Tutorial: USB Power for Your Audiobag or Cart

Recently I have been exploring the need for more power in my bag so I built myself a BDS. Then I realized I have a few items in my bag that require a 5V power source. So I set out to make a 5V USB power adapter for my BDS. Sorry for the short intro into this tutorial. I’ve been swamped with shots and testing some new gear.

Things Needed:

Step 1:

I am using a “broken” 5V USB charger that I had been using in my car. The internal spring collapse and the input power button doesn’t make contact with the car socket anymore. BUT the circuit still works, so lets mod it!


So to begin the process you will need to unscrew the metal cap.


Step 2:

Peel back the sticker on the face and you will find 2 screws. Unscrew these and the clamshell plastic case will open up.


After the screws come out, you will need to pop the metal top cap off and the plastic clamshell will come apart into two pieces.


Step 3:

Make a note where the side contacts connect to the PCB. On my USB adapter it is on Pin 1 on the USB PCB board.


Step 4:

Desolder the Negative wire from the PCB. Use the wire snippers to cut the Positive metal contact. Make it look like the photo below.


Step 5:

Slide your wire thru the metal threaded cap from the USB adapter. THEN solder the Red wire to the metal plates and the black wire to the negative pin contact on the USB PCB.


Step 6:

Smosh your wires around so that the main run will fit out the bottom hole.


Step 7:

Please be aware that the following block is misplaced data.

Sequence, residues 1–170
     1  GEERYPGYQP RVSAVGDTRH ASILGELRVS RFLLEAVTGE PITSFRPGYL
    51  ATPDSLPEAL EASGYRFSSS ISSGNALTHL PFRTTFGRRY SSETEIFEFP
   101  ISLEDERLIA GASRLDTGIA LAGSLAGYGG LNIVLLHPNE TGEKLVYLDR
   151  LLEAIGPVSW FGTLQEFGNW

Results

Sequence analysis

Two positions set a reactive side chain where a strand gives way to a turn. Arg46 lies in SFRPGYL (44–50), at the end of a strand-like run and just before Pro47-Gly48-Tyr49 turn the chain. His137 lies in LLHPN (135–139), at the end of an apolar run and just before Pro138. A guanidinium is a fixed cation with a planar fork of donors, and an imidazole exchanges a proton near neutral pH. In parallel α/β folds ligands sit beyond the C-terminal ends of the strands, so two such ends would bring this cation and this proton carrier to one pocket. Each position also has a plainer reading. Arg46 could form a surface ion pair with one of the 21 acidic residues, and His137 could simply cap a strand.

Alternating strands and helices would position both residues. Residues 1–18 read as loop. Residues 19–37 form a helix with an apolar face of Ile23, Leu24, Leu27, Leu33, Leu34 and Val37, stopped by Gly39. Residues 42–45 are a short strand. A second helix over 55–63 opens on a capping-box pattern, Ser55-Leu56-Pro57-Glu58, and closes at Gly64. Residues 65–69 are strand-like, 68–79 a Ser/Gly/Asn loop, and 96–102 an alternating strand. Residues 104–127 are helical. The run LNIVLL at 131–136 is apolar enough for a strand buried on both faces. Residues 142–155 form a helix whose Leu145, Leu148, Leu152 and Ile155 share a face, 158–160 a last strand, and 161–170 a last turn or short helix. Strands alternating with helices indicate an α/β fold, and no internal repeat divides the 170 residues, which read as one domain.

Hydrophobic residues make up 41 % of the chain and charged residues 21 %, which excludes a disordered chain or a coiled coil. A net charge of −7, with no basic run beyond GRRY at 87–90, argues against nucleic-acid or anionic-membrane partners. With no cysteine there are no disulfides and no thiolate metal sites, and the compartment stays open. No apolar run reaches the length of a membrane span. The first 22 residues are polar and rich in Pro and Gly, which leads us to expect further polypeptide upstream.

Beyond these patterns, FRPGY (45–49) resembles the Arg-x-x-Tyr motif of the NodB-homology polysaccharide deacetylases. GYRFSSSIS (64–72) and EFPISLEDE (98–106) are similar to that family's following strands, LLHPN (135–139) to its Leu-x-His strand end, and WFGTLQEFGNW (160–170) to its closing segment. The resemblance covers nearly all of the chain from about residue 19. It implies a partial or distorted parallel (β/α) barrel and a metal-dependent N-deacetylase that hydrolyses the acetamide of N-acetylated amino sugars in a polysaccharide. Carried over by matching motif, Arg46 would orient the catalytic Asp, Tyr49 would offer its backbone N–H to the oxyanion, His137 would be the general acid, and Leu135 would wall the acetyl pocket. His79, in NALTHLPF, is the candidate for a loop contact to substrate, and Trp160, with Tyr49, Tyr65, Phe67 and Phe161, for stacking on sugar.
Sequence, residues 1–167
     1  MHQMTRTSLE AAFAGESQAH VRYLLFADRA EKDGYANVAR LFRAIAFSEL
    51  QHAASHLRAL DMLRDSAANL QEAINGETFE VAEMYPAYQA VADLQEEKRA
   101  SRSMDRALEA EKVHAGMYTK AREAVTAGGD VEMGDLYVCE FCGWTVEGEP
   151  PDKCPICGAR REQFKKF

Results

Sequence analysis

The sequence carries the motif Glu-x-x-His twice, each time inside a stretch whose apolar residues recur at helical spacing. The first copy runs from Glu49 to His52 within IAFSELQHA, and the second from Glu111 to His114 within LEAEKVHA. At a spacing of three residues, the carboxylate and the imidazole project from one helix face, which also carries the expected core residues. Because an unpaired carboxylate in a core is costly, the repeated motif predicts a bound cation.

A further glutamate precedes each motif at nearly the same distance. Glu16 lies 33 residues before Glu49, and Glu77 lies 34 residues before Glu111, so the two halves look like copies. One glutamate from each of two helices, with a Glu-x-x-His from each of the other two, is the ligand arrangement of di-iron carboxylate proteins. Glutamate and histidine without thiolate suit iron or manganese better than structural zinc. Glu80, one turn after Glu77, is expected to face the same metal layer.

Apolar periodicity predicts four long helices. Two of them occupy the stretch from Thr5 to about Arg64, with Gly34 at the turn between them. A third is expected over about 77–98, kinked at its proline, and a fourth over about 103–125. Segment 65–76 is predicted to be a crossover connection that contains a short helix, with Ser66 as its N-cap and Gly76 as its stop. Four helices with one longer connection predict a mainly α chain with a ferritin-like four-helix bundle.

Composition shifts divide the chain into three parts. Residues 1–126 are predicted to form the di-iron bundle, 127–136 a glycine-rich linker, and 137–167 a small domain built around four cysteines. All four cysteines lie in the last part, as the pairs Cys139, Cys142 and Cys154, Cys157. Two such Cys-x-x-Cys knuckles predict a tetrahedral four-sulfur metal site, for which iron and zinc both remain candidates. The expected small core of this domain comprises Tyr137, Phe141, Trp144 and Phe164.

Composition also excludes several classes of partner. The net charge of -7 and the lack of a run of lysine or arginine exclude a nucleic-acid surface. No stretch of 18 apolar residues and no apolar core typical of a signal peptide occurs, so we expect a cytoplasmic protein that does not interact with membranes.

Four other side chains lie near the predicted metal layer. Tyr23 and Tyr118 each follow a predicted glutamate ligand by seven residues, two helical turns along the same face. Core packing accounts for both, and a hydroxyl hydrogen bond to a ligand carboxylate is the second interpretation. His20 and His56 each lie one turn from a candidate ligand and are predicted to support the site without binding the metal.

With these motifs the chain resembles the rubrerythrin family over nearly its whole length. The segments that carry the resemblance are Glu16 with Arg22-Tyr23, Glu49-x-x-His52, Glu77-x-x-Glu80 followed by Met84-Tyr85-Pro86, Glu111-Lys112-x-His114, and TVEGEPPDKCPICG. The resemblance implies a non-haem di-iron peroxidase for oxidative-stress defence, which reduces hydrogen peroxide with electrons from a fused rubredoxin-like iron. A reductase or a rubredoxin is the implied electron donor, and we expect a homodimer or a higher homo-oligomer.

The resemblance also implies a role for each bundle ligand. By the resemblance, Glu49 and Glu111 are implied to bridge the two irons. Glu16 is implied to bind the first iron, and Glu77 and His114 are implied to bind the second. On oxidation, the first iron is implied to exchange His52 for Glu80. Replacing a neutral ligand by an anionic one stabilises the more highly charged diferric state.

Snap the plastic clamshells back together, screw the metal cap back on, pop the metal top cap back on and replace the 2 screws. Smooth down your sticker if you still have it. If not, bust out that label maker and mark up which USB port is 1A and which is 2.1A. Don’t forget to set your font size to extra small.


And here it is installed in my bag. Now I am able to power my Signtek FM Transmitter and my iPad for F-Control.


Optional Step 8:

The two side cavities are open. You can fill these gaps with black hot glue. This will prevent dust and moisture from getting to the circuit.  You can also add 1″ male velcro around the sides to help it stick to the side walls of your audio bag.



Overall this is a fairly easy build.  Alternatively instead of wiring up a 2.5mm DC pig tail you could just use simple 2 wire power cable and a 4 Pin XLR. You would wire up the negative connection on the USB adapter to Pins 1 & 2 and the positive connection to Pins 3 & 4. A lot of IDX battery chargers feature 4 pin XLR ports, as well as PSC’s cart power options.

In a few days I’ll also be posting about how to add a backlit LCD battery meter to any BDS.

About the Author

Andrew Jones is a location sound mixer based in Los Angeles. He started in the TV and Film industry in 2004. You can email him at  Andrew@HoldForSound.com



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